The support of student wellbeing features highly in all higher education institutional agendas. For medical students good physical and mental health can help prevent burnout, equip students for their future healthcare setting and indirectly improve patient care. At the University of Nottingham (UK), we were keen to explore undergraduate medical students perceived wellbeing before, during, and after an early years' (years 1-3) curriculum change. A restructure of the curriculum enabled personal wellbeing sessions to be embedded and directly linked to the pastoral support system.
Students' perceived wellbeing was assessed through a questionnaire distributed to three cohorts of first year students at the start and end of the autumn semester.
The data showed a clear improvement of perceived physical health at the end of the first semester following the curriculum change, alongside increased mood and ability to relax. A surprising outcome of this study was that students reported increased stress levels at the end of the semester, which we believe may be attributed to the change in assessment within the new curriculum. Our medical students are now facing end of year summative examinations, but are acutely aware of their progress as they undertake frequent formative assessments during the year. We propose that comparison of performance with peers is having a direct impact on perceived stress in these cohorts.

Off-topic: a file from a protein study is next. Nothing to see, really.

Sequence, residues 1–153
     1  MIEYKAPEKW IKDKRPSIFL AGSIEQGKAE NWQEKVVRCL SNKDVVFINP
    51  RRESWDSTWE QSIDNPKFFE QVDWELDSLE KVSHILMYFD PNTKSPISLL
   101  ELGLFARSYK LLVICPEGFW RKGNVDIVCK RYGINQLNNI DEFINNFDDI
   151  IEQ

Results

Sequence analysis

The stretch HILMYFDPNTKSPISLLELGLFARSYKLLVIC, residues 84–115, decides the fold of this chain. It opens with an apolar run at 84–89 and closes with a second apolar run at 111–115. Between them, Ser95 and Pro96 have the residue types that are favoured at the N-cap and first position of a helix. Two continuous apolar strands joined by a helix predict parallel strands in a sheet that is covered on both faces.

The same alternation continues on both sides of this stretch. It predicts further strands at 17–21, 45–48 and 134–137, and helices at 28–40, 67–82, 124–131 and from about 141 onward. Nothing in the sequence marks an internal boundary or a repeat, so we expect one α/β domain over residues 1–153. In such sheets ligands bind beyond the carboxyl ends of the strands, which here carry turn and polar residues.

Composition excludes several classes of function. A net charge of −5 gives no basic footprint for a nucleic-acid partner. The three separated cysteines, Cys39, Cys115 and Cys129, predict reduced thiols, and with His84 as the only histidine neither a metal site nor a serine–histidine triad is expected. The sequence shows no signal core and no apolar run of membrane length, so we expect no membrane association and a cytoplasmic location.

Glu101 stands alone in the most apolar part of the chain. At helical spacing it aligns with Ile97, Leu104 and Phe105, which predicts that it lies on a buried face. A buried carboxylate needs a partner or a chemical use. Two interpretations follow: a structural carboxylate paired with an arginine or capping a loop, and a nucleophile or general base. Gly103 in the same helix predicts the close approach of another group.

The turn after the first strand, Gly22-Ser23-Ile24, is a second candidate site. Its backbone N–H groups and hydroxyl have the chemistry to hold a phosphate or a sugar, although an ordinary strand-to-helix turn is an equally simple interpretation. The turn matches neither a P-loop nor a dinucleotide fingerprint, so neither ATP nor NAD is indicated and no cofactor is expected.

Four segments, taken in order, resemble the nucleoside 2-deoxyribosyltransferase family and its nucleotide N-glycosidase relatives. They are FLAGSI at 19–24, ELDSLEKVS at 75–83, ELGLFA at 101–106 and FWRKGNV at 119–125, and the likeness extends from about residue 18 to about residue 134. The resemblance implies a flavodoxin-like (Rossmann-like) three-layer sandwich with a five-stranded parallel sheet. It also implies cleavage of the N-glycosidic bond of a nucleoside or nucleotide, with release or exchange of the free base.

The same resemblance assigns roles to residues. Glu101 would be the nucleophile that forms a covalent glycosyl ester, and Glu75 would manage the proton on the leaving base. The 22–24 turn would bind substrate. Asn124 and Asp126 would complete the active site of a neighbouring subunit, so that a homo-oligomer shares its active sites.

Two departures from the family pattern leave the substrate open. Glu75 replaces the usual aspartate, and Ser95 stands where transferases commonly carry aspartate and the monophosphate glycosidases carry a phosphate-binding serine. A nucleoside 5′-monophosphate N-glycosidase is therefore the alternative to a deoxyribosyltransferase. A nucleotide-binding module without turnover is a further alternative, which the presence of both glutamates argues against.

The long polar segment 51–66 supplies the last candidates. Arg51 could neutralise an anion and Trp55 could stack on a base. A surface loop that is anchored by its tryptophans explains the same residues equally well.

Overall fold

The study has shown that embedding wellbeing in the curriculum can have positive effects even within a changing curriculum. The importance of evolving wellbeing provision and support based on the needs of the student population is essential and probably never more in need than at this moment in time.